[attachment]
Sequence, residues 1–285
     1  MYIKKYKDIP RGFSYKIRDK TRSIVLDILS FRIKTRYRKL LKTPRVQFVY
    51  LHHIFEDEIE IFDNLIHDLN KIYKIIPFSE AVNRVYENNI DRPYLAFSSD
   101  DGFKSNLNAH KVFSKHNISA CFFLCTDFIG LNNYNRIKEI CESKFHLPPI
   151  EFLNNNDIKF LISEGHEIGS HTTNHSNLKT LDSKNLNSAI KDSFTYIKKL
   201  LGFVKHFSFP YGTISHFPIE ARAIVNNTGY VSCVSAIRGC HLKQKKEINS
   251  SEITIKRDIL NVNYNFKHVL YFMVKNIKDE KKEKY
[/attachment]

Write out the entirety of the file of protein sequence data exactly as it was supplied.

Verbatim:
Sequence, residues 1–285
     1  MYIKKYKDIP RGFSYKIRDK TRSIVLDILS FRIKTRYRKL LKTPRVQFVY
    51  LHHIFEDEIE IFDNLIHDLN KIYKIIPFSE AVNRVYENNI DRPYLAFSSD
   101  DGFKSNLNAH KVFSKHNISA CFFLCTDFIG LNNYNRIKEI CESKFHLPPI
   151  EFLNNNDIKF LISEGHEIGS HTTNHSNLKT LDSKNLNSAI KDSFTYIKKL
   201  LGFVKHFSFP YGTISHFPIE ARAIVNNTGY VSCVSAIRGC HLKQKKEINS
   251  SEITIKRDIL NVNYNFKHVL YFMVKNIKDE KKEKY